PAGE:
In this post, we will see the use of isolators and barriers in an electrical panel.
The two most used types of analog signals in instrumentation are 0-10 V and 4-20 mA. Of these, the widely popular one that is used is the 4-20 mA type one.
The most important advantage of the current signal over voltage signal is wiring. A voltage transmitter will mostly require a 4-wire connection.
But, a current transmitter can be configured with only 2 wires in connection. Current transmitters are less prone to electromagnetic interference.
Also, if the distances are long for connection, resistances increase with distance which causes a larger voltage drop. This problem does not occur in current transmitters.
Now, let us understand first how a current loop flows in an analog circuit by simple Ohm’s law. Refer the first image.
The circuit consists of a power supply and two loads. The power supply will give the voltage required to drive the current loop.
Through current passing across each load, voltage drop occurs each of them and will vary according to the resistance available.
However, current remains the same in the whole circuit. If you remember, according to Ohm’s law, V=I*R.
Now, let us consider the second image below. The sensor consists of a transducer and transmitter.
The transducer provides the physical signal and the transmitter converts this into an electrical signal.
A power source is used to produce the required electrical signal and drive the current in the circuit.
The loop is nothing but the wiring which carries the signal from transmitter to receiver and then back to it.
But, even 4-20 mA has some demerits. One of the main problems faced is non-isolation.
As the word denotes, isolation is a method of isolating the ground loop leakages, common-mode voltage issues, and electrical noise from the main analog signal.
These problems are commonly faced in a 4-20 mA loop and if there is no proper isolation between the transmitter and receiver, fluctuations can occur at the receiver side and this can hamper the overall performance of the system.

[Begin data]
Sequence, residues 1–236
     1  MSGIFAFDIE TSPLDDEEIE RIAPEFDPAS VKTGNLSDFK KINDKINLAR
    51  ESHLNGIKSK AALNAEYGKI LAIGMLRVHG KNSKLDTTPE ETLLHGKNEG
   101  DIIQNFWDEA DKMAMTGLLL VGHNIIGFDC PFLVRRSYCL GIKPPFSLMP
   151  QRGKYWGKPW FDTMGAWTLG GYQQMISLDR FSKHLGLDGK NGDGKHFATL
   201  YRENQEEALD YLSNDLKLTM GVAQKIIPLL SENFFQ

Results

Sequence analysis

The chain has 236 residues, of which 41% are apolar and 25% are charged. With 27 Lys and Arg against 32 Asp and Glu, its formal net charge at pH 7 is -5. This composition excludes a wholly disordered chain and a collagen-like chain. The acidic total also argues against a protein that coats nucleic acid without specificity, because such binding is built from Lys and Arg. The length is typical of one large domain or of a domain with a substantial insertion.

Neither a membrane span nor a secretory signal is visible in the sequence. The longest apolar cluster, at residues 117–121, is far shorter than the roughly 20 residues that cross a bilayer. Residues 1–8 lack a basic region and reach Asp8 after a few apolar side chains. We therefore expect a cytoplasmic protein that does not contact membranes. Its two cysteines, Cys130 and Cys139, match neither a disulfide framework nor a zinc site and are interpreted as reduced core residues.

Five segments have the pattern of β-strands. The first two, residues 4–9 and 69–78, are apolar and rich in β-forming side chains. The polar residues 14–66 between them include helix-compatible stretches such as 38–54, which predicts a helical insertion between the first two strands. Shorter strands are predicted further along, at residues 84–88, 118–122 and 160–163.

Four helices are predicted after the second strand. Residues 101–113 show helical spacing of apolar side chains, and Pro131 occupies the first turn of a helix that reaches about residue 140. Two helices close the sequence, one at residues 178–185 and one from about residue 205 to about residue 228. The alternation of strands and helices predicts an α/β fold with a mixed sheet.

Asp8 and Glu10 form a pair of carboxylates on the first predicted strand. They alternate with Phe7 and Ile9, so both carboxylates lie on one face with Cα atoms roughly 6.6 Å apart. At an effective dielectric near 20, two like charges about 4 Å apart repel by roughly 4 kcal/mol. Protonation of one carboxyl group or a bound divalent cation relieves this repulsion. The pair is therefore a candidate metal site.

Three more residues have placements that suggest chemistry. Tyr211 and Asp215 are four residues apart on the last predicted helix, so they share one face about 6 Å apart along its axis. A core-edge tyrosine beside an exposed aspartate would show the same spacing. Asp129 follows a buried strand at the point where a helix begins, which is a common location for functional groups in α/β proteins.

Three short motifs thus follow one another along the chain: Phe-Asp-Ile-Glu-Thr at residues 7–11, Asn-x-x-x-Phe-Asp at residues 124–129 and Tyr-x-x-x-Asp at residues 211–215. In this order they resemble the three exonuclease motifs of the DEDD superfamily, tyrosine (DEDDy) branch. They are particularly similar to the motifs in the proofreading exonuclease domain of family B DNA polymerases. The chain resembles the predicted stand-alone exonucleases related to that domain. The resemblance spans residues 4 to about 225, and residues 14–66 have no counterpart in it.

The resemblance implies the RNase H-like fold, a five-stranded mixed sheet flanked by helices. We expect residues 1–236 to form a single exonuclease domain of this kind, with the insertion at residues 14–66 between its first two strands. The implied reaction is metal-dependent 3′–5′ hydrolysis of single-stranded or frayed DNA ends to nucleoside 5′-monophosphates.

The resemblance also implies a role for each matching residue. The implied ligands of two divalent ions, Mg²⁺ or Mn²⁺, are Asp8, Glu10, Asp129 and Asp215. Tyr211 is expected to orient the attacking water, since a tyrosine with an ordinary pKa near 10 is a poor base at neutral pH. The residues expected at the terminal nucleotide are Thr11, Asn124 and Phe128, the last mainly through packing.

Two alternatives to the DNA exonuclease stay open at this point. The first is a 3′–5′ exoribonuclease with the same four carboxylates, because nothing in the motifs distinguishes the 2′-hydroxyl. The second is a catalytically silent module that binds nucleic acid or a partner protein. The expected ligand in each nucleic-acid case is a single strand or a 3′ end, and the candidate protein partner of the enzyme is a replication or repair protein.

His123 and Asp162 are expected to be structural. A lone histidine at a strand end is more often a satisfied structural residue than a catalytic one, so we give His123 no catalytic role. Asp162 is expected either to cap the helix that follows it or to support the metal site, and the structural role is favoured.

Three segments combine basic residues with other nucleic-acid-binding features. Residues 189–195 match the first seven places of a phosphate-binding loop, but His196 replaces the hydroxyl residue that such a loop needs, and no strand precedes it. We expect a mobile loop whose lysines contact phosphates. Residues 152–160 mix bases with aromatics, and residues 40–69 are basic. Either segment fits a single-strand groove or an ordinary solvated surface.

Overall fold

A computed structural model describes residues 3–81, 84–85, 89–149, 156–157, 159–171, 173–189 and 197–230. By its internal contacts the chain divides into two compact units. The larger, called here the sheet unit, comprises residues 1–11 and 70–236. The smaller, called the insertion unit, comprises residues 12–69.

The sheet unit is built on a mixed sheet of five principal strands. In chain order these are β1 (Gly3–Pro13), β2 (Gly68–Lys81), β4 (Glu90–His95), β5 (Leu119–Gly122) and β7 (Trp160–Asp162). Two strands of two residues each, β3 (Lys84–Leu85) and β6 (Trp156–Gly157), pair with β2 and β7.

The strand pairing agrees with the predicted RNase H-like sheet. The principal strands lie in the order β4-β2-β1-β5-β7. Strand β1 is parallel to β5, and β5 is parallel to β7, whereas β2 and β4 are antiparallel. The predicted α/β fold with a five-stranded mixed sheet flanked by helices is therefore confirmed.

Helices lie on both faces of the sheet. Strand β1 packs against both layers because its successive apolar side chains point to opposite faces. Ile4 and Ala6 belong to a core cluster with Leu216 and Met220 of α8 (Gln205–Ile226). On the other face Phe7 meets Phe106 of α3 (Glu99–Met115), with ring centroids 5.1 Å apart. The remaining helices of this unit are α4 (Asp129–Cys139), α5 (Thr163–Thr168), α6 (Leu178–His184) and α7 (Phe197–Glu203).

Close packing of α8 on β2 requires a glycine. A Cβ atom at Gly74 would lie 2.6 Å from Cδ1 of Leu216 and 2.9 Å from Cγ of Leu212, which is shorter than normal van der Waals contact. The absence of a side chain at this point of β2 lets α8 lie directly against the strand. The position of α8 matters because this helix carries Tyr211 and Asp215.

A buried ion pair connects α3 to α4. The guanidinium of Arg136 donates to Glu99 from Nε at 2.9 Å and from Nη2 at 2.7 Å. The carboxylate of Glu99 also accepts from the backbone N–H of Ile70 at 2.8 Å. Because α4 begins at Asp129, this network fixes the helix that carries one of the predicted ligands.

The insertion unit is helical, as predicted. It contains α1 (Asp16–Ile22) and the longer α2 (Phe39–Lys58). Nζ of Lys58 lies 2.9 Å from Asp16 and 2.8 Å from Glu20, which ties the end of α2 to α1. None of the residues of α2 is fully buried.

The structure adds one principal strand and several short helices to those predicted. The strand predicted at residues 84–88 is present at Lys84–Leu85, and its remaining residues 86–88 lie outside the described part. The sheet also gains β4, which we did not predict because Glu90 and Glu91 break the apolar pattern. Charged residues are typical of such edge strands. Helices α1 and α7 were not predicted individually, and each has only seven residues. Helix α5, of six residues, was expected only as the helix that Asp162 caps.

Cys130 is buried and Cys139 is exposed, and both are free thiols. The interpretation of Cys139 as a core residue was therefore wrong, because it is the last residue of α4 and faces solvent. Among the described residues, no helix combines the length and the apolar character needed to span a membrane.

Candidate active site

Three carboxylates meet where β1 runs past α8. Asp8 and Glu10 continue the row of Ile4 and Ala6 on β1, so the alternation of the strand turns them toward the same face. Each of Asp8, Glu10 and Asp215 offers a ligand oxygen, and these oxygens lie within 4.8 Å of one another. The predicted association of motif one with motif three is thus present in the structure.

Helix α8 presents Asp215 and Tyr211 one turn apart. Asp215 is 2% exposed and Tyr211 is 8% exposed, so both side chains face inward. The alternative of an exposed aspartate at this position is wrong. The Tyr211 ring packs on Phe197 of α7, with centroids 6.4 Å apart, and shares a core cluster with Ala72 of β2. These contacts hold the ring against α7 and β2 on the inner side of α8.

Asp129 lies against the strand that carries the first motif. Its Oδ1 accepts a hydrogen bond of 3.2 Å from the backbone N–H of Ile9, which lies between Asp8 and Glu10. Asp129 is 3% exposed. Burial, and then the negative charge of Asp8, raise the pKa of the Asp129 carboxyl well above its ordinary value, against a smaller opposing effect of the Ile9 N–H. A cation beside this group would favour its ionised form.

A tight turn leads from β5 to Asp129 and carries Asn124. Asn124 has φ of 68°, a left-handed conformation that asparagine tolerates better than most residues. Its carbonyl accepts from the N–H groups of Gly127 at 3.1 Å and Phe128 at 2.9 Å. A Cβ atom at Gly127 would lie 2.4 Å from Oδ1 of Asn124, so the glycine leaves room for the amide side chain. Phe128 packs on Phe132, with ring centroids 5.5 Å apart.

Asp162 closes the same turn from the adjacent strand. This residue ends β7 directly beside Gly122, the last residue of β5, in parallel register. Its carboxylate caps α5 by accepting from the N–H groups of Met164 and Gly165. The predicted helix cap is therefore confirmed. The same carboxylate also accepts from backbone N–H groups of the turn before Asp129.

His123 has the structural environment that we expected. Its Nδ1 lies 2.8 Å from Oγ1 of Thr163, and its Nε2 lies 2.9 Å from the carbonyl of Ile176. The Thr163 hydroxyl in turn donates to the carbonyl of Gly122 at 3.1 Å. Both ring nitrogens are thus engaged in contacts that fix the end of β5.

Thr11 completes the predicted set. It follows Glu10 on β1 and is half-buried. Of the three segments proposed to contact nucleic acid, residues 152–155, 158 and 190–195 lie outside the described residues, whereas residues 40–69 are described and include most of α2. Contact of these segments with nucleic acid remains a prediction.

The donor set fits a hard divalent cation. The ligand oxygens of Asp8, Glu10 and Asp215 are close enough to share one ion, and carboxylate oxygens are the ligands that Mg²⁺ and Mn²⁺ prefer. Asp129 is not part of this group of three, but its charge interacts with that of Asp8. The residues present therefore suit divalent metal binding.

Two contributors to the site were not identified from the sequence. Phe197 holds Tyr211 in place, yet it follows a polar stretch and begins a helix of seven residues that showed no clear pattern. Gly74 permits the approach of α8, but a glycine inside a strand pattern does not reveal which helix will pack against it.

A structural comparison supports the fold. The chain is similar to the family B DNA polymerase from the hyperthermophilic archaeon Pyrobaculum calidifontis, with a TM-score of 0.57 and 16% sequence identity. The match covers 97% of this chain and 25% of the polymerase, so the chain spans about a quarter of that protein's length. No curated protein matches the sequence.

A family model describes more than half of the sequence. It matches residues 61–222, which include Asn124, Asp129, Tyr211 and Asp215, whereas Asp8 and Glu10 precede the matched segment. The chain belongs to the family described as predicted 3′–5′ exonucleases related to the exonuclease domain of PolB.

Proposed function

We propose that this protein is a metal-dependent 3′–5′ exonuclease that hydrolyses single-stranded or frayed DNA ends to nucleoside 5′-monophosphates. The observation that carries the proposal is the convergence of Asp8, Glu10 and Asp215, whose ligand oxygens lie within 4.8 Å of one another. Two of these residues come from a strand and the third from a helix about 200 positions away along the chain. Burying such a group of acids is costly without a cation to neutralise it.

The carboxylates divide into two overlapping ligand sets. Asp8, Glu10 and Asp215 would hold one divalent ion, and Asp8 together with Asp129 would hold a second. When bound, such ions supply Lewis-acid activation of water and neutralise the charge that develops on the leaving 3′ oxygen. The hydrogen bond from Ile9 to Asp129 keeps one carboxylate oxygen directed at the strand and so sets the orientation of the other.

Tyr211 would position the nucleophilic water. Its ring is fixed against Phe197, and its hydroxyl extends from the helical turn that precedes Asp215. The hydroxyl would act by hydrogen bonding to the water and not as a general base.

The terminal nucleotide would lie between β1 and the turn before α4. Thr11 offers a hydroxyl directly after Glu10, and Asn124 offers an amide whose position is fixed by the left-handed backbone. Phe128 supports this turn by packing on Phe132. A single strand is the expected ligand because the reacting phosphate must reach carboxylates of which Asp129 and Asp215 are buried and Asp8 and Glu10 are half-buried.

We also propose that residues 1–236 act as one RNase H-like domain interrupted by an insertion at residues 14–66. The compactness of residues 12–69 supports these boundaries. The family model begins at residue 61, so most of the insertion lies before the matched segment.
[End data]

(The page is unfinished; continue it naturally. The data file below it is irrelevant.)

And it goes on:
Isolation will filter only the analog signal to the receiver and will eliminate noise and fluctuations in its input side only.
Isolation in a PLC control panel can be done by two methods – by connecting an isolator between the sensor or any field device and PLC; or by using an isolated PLC channel. We will look the use of an isolator in the electrical panel.
Refer to the below image. It is a simple connection where the first part shows the wiring without an isolator in between the PLC analog card and field devices.
The below image shows the PLC analog channel with isolators. Each channel or field device requires one isolator between them.
Applications of Isolators
The isolator has the following applications:
It can remove ground loop formation in an analog circuit. A ground loop occurs when there is more than one ground connection path between two devices.
Due to different earth potentials sometimes, an antenna-type loop current will form which will flow from ground to ground and will interfere with the main signal-carrying current and disrupt its performance.
The isolator will basically pass or filter only the main signal-carrying current and will nullify the leakage current.
Isolators can be used for loads with high impedance and connected at a large distance from the receiver or controller
Isolators eliminates common-mode signals. This ensures you can connect signals of different common-mode voltages.
For example, a transmitter may be referenced to +24V whereas the PLC may be referenced to ground.
Due to common-mode voltage differences arising, it can disrupt signal performance. The isolator will eliminate this and will provide a pure analog signal between the lines.
Intrinsic devices are that which generate a certain amount of thermal and electrical energy which can cause fire or explosion in hazardous areas.
Some methods must be used in an electrical panel to protect both the field environment and the instrument/panel environment.
Mostly, in hazardous areas where there are high chances of ignition or other forms of damage, you have to take special care to protect the field instruments from damaging themselves or the instrumentation devices inside the panel.
This task can be achieved by the use of barriers. A barrier is a device which keeps the available electrical energy low enough so that the ignition cannot occur.
Similar to an isolator, it is also connected between the field equipment and the controller.
It generally consists of three main components – fuse, zener diode and a current limiting resistor. The fuse restricts the fault power, the zener diode restricts the fault voltage and the current limiting resistor limits the fault current.
Now, in more advanced times, there are more flexible types of barriers and isolators available. Some give dual output from a single input, some convert 0-10 V signal into 4-20 mA signal and many others.
The role of both the isolators and barriers are more or less similar. They usually protect the environment from any damage.
By forming itself as a wall between hazardous areas and non-hazardous areas, it basically restricts the transfer of fault energy between both of them.
Author: Viral Nagda
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